Introduction Frailty status has been recognised as an important prognostic factor of adverse clinical outcomes in various clinical settings. Recently, the role of frailty status in adverse clinical outcomes for COVID-19-infected patients has received increasing attention with controversial results. Hence, we will conduct a comprehensive dose–response meta-analysis to quantitatively evaluate the association between frailty status and adverse clinical outcomes in patients with COVID-19.
Methods The researchers will systematically search PubMed, EMBase, Cochrane Library, ISI Knowledge via Web of Science and MedRxiv or BioRxiv databases (from inception until December 2020) to identify all retrospective and prospective cohort studies. All-cause mortality during hospitalisation will be set as the primary outcome. Univariable or multivariable meta-regression and subgroup analyses will be conducted for the comparison between frail versus non-frail categories. Sensitivity analyses will be used to assess the robustness of our results by removing each included study one at a time to obtain and evaluate the remaining overall estimates of all-cause mortality. To conduct a dose–response meta-analysis for the potential linear or restricted cubic spline regression relationship between frailty status and all-cause mortality, studies with three or more categories will be included.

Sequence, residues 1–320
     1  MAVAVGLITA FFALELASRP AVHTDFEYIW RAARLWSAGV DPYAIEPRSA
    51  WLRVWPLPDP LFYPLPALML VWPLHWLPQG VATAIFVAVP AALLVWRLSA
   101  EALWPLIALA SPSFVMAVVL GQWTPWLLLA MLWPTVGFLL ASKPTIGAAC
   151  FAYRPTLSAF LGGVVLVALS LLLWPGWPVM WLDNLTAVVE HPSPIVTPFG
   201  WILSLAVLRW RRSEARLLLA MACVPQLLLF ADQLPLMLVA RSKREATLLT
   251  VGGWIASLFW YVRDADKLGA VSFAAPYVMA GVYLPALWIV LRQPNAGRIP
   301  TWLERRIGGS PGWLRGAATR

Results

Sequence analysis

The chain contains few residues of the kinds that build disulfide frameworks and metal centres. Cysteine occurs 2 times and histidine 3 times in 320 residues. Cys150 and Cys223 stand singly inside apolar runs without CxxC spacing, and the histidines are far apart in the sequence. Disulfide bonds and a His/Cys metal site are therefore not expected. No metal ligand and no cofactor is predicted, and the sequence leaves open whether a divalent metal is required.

Ethics and dissemination In accordance with the Institutional Review Board/Independent Ethics Committee of the First Affiliated Hospital of Baotou Medical College, ethical approval is not an essential element for the systematic review protocol. This meta-analysis will be disseminated through publication in a peer-reviewed journal.
PROSPERO registration number CRD42020220226.
- adult intensive & critical care
- preventive medicine
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Strengths and limitations of this study
A comprehensive linear or non-linear dose–response analysis between different frail levels and adverse clinical outcomes in patients with COVID-19 will be conducted.
Sensitivity analyses will be performed to assess the robustness of the association of frailty with all-cause mortality or major adverse cardiovascular event.
Some frailty scales may not report the different categories (>2) of frailty scores, resulting in insufficient data for dose–response analysis.